Her hopes of hiding from the thugs are dashed when disturbing anonymous phone calls start again. Not only is the voice in the calls creepy but the threats are terrifying and the character behind them far too aware of her whereabouts and movements for comfort. His demand is for money that her brother has apparently salted away. The detective on the case suggests Carol will eventually have to get in touch with the brother she despises and has disowned.

Those calls aren’t her only worry. There’s Paul too—a good kid but too much like Skip, his egotistical musician father. At least Paul’s not into drugs—the most loathsome of substances that killed her other son, Keith. And she’s determined to keep him safe from the present danger and from following in the footsteps of his musical father.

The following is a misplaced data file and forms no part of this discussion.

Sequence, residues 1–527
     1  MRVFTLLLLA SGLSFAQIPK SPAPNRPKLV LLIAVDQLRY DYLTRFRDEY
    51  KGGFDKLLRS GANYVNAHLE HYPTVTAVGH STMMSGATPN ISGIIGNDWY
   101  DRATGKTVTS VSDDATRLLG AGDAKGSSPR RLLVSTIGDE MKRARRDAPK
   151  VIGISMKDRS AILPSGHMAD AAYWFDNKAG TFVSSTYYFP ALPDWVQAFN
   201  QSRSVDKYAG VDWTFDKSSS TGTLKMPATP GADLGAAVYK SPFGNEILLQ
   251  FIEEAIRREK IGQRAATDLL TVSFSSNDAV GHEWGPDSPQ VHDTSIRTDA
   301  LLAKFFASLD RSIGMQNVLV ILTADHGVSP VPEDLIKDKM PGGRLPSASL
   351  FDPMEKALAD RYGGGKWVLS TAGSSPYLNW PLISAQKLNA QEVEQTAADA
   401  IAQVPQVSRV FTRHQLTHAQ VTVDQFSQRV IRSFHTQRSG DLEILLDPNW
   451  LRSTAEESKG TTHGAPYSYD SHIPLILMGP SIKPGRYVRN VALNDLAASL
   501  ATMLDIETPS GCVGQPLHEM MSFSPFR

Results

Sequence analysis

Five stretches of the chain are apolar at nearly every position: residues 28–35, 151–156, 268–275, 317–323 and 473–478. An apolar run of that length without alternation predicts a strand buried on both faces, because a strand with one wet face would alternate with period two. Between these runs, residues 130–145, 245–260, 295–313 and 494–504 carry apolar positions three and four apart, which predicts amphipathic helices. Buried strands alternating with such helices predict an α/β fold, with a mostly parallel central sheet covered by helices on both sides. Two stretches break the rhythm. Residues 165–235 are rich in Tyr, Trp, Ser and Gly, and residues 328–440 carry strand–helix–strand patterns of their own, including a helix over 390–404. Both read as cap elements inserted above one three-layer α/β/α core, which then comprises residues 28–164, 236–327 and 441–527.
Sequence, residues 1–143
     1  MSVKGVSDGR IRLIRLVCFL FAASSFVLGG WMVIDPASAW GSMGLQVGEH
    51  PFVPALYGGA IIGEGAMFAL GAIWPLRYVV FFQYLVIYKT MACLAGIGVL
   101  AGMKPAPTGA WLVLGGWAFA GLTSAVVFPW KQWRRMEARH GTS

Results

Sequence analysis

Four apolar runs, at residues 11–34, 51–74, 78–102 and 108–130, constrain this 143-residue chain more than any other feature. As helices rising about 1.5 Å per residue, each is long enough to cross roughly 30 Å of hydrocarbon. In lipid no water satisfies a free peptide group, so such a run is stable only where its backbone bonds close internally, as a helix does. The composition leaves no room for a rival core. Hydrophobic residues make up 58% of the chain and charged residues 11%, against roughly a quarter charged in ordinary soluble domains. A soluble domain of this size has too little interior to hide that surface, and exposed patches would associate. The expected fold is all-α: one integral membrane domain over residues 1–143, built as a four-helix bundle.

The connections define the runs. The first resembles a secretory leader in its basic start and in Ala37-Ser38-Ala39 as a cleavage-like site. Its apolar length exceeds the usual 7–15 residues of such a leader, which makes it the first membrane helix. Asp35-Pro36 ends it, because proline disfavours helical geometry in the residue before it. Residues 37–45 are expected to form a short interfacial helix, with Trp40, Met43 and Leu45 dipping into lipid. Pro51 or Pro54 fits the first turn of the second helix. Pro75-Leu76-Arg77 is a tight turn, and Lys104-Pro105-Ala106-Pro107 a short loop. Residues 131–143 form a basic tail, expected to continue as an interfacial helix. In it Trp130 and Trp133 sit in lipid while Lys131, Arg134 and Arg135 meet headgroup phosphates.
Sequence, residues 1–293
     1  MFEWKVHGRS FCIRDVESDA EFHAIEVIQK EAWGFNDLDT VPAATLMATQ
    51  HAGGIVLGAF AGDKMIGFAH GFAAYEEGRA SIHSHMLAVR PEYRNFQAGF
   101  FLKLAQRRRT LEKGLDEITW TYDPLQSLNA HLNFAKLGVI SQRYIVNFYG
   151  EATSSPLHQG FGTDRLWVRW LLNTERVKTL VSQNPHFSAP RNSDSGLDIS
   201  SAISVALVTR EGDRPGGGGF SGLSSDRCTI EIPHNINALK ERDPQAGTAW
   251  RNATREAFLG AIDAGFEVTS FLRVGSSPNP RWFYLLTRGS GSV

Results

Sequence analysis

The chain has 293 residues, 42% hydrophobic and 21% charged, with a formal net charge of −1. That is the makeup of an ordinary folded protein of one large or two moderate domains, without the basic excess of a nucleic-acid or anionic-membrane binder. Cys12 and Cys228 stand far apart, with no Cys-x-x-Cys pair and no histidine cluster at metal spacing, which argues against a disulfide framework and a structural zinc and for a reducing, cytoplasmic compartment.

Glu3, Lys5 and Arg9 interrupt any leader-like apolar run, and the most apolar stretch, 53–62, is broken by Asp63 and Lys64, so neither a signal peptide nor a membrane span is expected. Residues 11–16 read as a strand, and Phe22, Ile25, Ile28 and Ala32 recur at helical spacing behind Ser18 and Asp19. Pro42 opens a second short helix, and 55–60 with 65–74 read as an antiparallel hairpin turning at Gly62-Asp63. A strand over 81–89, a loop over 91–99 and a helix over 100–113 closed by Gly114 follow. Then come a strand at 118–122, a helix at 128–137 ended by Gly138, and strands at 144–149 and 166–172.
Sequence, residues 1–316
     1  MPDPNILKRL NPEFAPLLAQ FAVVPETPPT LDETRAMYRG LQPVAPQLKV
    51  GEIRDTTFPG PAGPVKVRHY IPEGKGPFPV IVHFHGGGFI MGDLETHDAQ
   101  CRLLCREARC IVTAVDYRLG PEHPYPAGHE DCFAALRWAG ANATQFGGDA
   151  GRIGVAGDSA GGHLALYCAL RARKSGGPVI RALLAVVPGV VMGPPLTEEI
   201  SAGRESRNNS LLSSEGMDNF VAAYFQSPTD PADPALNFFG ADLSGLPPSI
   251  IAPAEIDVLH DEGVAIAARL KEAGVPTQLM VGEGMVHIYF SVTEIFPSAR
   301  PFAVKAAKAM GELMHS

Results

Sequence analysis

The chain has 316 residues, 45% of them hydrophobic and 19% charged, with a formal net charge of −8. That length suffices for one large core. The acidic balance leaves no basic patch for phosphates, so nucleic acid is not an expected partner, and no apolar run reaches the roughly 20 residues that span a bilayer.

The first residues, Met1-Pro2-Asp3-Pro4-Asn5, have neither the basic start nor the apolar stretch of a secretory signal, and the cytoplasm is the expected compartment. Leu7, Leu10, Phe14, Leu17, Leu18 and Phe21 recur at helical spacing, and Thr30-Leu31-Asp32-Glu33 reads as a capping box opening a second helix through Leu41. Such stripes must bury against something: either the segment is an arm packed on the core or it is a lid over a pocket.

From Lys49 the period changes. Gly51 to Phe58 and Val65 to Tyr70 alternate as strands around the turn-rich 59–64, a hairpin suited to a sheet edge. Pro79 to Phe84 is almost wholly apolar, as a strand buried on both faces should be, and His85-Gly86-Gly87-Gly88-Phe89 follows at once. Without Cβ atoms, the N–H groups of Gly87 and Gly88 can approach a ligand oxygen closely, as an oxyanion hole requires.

When nightmares awaken her or worries about her son or the spooky calls keep her from sleep, she makes mint tea and phones the oldies station to talk to the DJ, Joey. He always has a sympathetic ear and a repertoire of Billy Joel tunes to serenade her out of any mood. It turns out that Joey, in person, is just as nice as on-air—and then she discovers he too is hiding secrets.

Sketchley’s skill at merging the believeable and homey details of a modern single mom’s life with criminal threats and shadowy danger makes her main character relatable and in a situation that seems real and plausible. More than once I found myself gripping my e-reader muttering: Don’t answer the stupid phone … don’t trust him … don’t go with him!